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Sethoo Gh, Six Stones And Celebrities Cannot Perform At Kwahu Easter Due To Covid-19 Restrictions


Sethoo Gh, Six Stones And Celebrities Cannot Perform At Kwahu Easter Due To
Covid-19 Restrictions

Numerous Ghanaian super Stars including Six Stones, the “Mansa hit maker” Samini, McBrown, Sethoo Gh, the international hip-hop super star and songswriter including innumerable celebrities couldn’t perform at the remarkable Kwahu Easter festival, due to the COVID-19 pandemic.

For two consecutive years, the much-celebrated Kwahu Easter Festival will not come off due to the raging coronavirus (COVID – 19) pandemic which has affected mass gatherings and interaction.
But for the pandemic, businesses in Ghana would have started preparing feverishly to storm the Kwahu Ridge to market their products to the numerous revellers who travel from far and near to participate in the annual rendezvous with the paragliding festival being the flagship event.

Media houses, particularly radio stations, would have started their cacophonic advertisements to create awareness of the festival.

No festivity

The announcement to again suspend this year’s Easter activities was made by the Kwahu Traditional Council during a meeting at the Abene Palace.

The chiefs, led by the Kwahuhene, Daasebre Akuamoah Agyapong II, who is the President of the Kwahu Traditional Council, and the Ghana Tourism Authority (GTA), have cautioned citizens to strictly adhere to this directive.

The Council said whoever failed to comply with it would be severely dealt with.

“We cannot prevent anyone from coming to Kwahu during the Easter holidays but activities will not be allowed.

“Although Easter usually starts on Thursday, we are placing a ban on every activity from Wednesday to Wednesday,” the chiefs said.

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Religious leaders, especially Christians, have also been warned against organising Easter conventions.

Paragliding festival in Ghana

The Paragliding festival became an integral part of the Kwahu festival in 2005 with seasoned pilots invited by the Ministry of Tourism to fly hundreds of people during the three-day event on the Odweanoma Mountain at Kwahu Atibie.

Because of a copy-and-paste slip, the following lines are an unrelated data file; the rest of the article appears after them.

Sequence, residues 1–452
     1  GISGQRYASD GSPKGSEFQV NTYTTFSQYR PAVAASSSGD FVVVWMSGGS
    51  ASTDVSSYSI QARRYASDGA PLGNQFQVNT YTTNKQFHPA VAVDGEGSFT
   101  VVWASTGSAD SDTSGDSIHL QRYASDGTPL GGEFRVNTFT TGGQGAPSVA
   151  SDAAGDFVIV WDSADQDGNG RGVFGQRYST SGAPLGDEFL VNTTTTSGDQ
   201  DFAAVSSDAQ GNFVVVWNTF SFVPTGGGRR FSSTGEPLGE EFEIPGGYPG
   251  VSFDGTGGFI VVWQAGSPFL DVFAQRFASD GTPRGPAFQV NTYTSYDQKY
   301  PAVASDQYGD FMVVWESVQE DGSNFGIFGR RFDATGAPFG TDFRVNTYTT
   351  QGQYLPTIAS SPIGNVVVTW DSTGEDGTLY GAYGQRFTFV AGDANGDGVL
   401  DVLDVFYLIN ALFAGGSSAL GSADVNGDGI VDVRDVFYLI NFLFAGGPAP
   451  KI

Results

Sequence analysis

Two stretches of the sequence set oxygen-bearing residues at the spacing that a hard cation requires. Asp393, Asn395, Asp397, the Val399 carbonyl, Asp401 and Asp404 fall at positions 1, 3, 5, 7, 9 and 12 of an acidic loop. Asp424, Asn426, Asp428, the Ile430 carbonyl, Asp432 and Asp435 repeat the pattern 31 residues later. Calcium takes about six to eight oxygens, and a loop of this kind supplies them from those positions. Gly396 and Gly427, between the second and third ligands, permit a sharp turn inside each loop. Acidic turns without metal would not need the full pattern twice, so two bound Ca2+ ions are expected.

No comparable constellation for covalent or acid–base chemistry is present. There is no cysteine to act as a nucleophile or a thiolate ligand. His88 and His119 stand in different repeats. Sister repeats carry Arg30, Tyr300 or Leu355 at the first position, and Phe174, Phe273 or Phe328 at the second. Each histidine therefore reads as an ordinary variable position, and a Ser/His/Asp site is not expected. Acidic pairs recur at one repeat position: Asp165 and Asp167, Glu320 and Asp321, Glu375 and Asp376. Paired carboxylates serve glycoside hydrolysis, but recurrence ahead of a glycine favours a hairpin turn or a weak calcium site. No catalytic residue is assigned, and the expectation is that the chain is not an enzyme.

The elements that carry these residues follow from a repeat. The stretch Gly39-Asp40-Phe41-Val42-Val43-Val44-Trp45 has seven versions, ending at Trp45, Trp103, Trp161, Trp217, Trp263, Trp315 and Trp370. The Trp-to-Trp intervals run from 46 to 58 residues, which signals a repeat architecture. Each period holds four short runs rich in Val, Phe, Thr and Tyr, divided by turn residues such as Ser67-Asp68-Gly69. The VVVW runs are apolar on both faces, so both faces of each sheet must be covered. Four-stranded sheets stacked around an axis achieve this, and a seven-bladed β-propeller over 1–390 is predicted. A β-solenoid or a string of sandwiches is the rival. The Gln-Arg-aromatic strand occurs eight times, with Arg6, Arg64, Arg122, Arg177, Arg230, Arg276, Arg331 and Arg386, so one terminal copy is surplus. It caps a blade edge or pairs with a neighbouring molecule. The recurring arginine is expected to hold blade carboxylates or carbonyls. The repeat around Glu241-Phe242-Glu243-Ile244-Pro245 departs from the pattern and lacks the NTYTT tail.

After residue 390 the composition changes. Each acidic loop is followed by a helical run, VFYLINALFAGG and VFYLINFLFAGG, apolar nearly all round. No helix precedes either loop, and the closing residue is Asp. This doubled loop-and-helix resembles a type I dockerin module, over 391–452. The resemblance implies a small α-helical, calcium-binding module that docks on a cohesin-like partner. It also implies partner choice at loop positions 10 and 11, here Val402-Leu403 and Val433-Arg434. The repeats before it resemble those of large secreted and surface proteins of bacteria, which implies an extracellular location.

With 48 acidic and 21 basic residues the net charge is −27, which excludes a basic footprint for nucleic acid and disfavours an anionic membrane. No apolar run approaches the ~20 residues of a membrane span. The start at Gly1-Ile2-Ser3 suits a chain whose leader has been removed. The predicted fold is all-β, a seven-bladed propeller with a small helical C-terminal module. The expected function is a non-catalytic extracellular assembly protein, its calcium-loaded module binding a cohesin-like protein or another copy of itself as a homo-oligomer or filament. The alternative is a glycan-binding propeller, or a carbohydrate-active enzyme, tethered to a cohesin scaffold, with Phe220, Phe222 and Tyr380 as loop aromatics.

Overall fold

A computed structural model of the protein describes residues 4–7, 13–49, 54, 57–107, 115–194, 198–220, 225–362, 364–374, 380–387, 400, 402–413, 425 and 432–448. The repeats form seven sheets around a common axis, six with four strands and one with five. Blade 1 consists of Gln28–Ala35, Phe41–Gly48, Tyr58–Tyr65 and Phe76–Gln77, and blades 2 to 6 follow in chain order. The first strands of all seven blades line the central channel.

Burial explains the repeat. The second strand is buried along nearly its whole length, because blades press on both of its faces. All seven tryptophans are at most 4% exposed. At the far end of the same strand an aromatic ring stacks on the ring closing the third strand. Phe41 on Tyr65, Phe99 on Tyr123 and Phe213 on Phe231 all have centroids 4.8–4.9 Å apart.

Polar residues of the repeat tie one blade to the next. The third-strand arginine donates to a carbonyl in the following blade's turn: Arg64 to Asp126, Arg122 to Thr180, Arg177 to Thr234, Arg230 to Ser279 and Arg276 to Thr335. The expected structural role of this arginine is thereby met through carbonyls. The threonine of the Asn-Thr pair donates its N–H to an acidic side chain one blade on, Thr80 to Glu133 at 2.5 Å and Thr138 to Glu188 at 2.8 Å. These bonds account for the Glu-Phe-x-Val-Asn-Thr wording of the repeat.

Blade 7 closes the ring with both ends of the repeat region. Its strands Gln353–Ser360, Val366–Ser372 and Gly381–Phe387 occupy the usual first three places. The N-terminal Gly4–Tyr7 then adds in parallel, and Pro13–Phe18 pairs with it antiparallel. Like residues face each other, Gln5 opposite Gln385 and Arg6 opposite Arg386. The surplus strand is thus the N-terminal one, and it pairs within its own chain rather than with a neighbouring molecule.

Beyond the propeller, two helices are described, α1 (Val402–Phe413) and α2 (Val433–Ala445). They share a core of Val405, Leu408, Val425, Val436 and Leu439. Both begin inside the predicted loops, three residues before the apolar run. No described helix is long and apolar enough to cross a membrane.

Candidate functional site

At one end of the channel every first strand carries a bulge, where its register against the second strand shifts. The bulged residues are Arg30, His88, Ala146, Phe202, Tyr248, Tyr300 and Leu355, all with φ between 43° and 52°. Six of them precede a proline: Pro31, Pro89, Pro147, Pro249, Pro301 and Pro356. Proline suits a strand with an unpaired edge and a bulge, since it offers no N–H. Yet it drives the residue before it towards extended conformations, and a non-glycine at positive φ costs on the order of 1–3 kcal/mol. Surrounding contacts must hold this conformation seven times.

However, COVID -19 has scattered these memorable occasions.

Adverse impact

The pandemic has also affected domestic tourism heavily as most hotels relied on patrons to break even financially. A research, conducted by the Ghana Tourism Authority in 2019, indicated that the average daily income expenditure during the festive period was above GH¢50.00 per person. It also indicated that 28 per cent stayed in hotels, 11 per cent in guest houses, three per cent in tents and 43 per cent in private homes.

Local pubs, which made windfalls as a result of the pandemic, have equally been affected. Madam Sarponmaa Aboagye, an operator of a drinking spot, lamented how the pandemic had affected her business.

“I would have increased my stock by now in anticipation of the festival, but now everything has come to a standstill,” she said.

Nana Kofi Boateng shared the same view and said he was looking for an additional source of income to survive with his wife and four children as his business had almost collapsed.

He prayed that a solution would be found so that “we could bounce back to make ends meet.”

The municipal and district assemblies in the area have also been affected as they equally benefit from the largesse of the festival. A source at one of the assemblies told the Daily Graphic that revenue, during that period, went high through tolls collection.

Not left out are taxi drivers who ply between Nkawkaw and the Kwahu Ridge. Most of them complained that since last year, patronage had dropped, with the suspension of the festive activities with some of them indicating that “our cocoa season is at a standstill.”


In the Kwahu Traditional Area, every Easter is regarded as a homecoming event. The period is used for all kinds of activities including settling family feuds, marriages, inauguration of projects, including private houses, remembering the dead and pacifying the gods, holding of crusades by churches, traditional council meetings and the promotion of community cohesion.

Programmes have been put on hold in order not to spread the pandemic, while others have been cancelled completely.

For instance, since last year, a programme by citizens of Kwahu in Tema in the Greater Accra Region to honour hardworking teachers has been hanging in the balance as no one knows when it will be organised.

While admitting that the pandemic had no doubt affected their businesses and social activities during this time of the year, most businesses and residents of the Kwahu area are optimistic that the situation will improve, particularly with the administering of the approved vaccines, to enable things to return to normal next yea

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